Wednesday, March 31, 2010
The ACLU's new report, Death in Decline '09, provides a mix of good and bad news.
The tide is turning in the United States from death sentences to permanent imprisonment. A growing number of states are choosing permanent imprisonment over the death penalty, fueled by growing concerns about the wrongful conviction of innocent people and the high costs of the death penalty in comparison to permanent imprisonment. In 2009, the number of new death sentences nationwide reached the lowest level since the death penalty was reinstated in 1976. California lags behind in this national trend. The Golden State sent more people to death row last year than in the seven preceding years. By the close of 2009, California’s death row was the largest and most costly in the United States. But the aggressive pursuit of the death penalty in California is limited to a few “Killer Counties.” In fact, nearly all of California’s 58 counties have, in practice, replaced the death penalty with permanent imprisonment, mirroring the nationwide trends. Only three counties—Los Angeles, Orange and Riverside—accounted for 83% of death sentences in 2009. Together, these “Killer Counties” sentenced more people to die in 2009 than did the entire state each year from 2002 to 2008. The increase in death sentences in 2009 was most stark in Los Angeles County. With 13 death sentences, Los Angeles County sent more people to death row in 2009 than any year this decade—more than the entire state of Texas for the same period—making Los Angeles the leading death penalty county in the country.
While the report focuses, among other issues, on the racial trends of these recent death sentences, and particularly, the overrepresentation of Latinos, it also puts a humonetarian spin on it, mentioning the fact that California's financial situation should make this countertrend a cause for concern.
Monday, March 29, 2010
This Spring and onward, may we all be free to sit on city sidewalks without being cited or arrested.
May we be free to choose a rewarding, enriching life path, without poverty constraints.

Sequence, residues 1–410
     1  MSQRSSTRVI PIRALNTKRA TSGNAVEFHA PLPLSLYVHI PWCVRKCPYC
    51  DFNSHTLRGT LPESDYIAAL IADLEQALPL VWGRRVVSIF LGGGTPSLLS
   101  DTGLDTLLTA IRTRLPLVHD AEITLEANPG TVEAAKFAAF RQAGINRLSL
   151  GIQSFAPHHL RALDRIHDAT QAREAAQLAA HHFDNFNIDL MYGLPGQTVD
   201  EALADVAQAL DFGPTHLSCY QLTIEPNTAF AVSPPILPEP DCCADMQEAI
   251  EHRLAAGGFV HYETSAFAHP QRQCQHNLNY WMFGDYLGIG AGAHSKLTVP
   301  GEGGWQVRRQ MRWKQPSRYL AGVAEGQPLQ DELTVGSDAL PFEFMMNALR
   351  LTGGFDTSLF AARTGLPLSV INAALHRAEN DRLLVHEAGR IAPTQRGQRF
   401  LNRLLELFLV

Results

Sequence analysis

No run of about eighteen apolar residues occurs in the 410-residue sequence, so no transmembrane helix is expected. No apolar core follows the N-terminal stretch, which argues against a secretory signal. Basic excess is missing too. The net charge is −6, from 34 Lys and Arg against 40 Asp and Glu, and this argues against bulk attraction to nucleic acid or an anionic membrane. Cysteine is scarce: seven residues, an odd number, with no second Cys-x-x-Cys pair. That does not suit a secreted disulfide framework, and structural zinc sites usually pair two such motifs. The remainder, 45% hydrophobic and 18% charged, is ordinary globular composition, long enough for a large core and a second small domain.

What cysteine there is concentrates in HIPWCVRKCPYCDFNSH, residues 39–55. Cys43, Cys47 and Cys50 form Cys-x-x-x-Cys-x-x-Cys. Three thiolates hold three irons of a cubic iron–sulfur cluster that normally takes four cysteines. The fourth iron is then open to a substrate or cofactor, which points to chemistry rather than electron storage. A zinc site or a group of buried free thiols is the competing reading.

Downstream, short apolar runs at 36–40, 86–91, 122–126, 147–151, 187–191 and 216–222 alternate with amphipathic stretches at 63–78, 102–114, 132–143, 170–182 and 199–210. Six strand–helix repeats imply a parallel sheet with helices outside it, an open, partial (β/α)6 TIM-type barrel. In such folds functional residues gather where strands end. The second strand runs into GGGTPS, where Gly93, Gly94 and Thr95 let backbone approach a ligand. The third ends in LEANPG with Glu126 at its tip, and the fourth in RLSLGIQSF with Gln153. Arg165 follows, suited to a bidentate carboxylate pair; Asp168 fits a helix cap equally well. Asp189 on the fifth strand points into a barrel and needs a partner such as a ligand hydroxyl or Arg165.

May we be free to provide for our families and to live with dignity, honor and good health.
May those of us who work in the law enforcement system be free to connect with our community and help it without animosity and danger.
May the prosecutors among us be free to do our jobs exercising discretion and compassion, released from constraining legislation and a punitive organizational culture.
May the defense attorneys among us be free to provide our clients with the best representation, released from budgetary constraints.
May those of us who work in corrections be free to do a correctional job that respects our safety and the human dignity of the people entrusted to our care.
May those of us within walls be free from prison rape and abuse.
May those of us within walls be free from boredom, narcotics, the endless chatter on TV.
May we be free to choose education, vocational programs, and avenues of life within walls that will help us rebuild bridges with our loved ones outside upon our release.
May those of us in juvenile care be free to choose a bright future.
May those of us who work in parole be free to furnish our parolees with hope and possibility, rather than oppression and supervision.
May those of us on early releases be free to rebuild our lives.
May those of us who have just been released from prison be free to find a home and a job without discrimination.
May all of us, as a society, be free from prejudices, biases, and irrational fears of the "other".
The CCC Blog wishes you all a happy Passover.
Sunday, March 28, 2010
"I am keenly aware, as are the courts," Kelso said, "that a dollar that we can save in the prison health care program is a dollar that can be spent on other important priorities for the state, such as education, money for children, the elderly, other health care programs."